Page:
The conduct process can seem like a mysterious, sometimes scary, process. Below are some of the most common questions asked by students about conduct and alleged policy violations. If you have other questions or concerns about your particular case, you are always welcome to contact the Office of Community Standards for help. We are here to be a student resource. It is our mission to be as open, fair, and transparent as possible.
The meeting notice is the beginning of the conduct process. The conduct hearing is your opportunity to speak about your viewpoint and it is very important for the hearing officer to gather as much information as possible in order to make a decision about if a policy was violated or not. At the meeting you will have an opportunity to ask questions about the conduct process, learn about your rights and responsibilities as a student, and share your experience of the situation or incident.
Your conduct letter contains the following information:
- The alleged violation (what part of the student conduct code you may have broken)
- Time, date, and place of your scheduled conduct meeting (where you will discuss the event and share your side of the story)
- Contact information for the Conduct Officer who you will be meeting with, if you have any questions or concerns.
It is important that you pay close attention to the information in the letter. Do not just avoid the letter and hope it will go away. If you do not show up to your scheduled meeting, the conduct officer has the right to come to a decision without your input. Also, you then become responsible for failure to comply, which is an additional violation.
Student disciplinary records are kept separate from other student records. However, holds (or blocks) may be placed on your academic records if you fail to honor the conduct process, which may affect your ability to register for classes or graduate. Information is only shared internally on a need-to-know basis and in situations where restrictions have been implemented. Records are kept for six years and require your written permission to be released.
If you are found responsible for violating any college rule, one or more sanctions will be imposed. These are consequences for the violation and sanctions vary. From a verbal warning, to dismissal from school. For first time violations, common sanctions will include some sort of restorative activity related to the broken rule. For example, if you are found responsible for plagiarism, you might be asked to research copyright law and write a brief essay. If you are caught smoking outside of designated areas, you might be sanctioned to pick up cigarette butts. If you are found responsible for failure to comply, you may be sanctioned to job shadow a student leader or safety officer. Every case is different.
Students have the right to appeal any decision made by the Student Conduct Officer. While the attached document takes you through the general appeals process, consult the conduct code for specific policies and procedures.
We encourage students to resolve their disputes at the lowest possible level before coming to our office. Conflict resolution is a valuable skill and we encourage your to use direct, assertive, respectful language to address a concern or dispute directly with the other person. The best resolutions are achieved when everyone involved takes the time to listen to each other and compromise on a solution. However, if you fear for your safety, or the safety of others, or direct communication does not work, the following steps can be taken:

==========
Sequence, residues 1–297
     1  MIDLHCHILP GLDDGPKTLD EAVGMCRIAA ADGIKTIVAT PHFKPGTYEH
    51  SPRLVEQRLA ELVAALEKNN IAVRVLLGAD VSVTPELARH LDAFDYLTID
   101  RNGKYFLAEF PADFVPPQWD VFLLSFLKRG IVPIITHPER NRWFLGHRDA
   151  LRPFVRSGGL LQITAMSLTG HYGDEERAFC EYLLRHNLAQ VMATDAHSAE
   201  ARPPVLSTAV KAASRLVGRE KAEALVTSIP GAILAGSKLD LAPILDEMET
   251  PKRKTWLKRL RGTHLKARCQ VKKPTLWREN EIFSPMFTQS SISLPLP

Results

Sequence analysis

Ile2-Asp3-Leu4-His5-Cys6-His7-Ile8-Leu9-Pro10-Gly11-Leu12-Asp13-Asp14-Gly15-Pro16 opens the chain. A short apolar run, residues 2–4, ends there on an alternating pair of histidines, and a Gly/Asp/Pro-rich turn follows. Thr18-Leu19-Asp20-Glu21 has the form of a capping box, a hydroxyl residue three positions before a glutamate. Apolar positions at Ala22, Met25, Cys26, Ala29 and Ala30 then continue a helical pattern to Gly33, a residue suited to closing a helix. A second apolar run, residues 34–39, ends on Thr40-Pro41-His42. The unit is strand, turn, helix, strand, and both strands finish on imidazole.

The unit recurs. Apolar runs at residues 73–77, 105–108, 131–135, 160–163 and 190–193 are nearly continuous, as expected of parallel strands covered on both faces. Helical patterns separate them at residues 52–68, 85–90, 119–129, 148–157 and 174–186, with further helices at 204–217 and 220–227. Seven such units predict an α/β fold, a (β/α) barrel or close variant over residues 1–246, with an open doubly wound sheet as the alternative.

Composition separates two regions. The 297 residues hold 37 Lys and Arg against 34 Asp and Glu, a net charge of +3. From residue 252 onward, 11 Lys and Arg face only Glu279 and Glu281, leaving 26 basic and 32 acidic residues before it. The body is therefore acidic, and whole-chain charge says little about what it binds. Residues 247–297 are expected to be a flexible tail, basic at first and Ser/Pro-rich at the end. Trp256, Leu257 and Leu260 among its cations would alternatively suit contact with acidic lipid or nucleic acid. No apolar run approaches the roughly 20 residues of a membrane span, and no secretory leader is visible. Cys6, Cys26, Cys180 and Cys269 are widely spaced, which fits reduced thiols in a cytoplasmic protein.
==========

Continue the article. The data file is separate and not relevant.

You may be accompanied by a support person of your choosing. However, that support person may not speak for you or ask direct questions of the Conduct Officer.
Due to FERPA regulations, your conduct records will not be shared with anyone who does not have the legal “right to know”. If you want your parents to have access to some of your student records, you must file a FERPA release form with the registration and records office. If a situation arises where we have a concern for your health or safety, we may choose to contact a parent/guardian if deemed necessary.
Legitimate complaints about academics (grading, arbitrary or capricious treatment) may be processed by accessing the Student Complaint Process. Similar to the student conduct process, the complaint process emphasizes resolution at the lowest level possible and encourages open dialogue and problem solving between you and your professor. If you have questions about the Student Complaint Process, please contact The Office of Instruction at 360-383 -3230.
Complaints regarding harassment or discrimination of a protected category must follow our Discrimination and Harassment Procedure.
Generally, no. The student conduct process is designed to be educational and conduct records are kept separate from student records, with few exceptions. Detailed information about when legal counsel can be present / involved can be found at Student Rights / Responsibilities.
The process for reporting any incident of bias or discrimination is the same as or any other incident. Complete the incident reporting form and click the radial button that asks "do you believe this incident includes bias?" This will flag the Bias Incident Response Team to review the incident. For incidents of sex or gender discrimination, choose the Title IX/Confidential option from the "type of incident" dropdown menu and your report will be sent directly to the Title IX Coordinator.
Regardless of whether you remember to take these steps, or if you think you may have clicked the wrong button, all incident reports are reviewed for elements of discrimination and harassment, and will be routed to the correct individual on campus. If you have questions about filing an incident report, please call the Office of Community Standards: 360.383.3074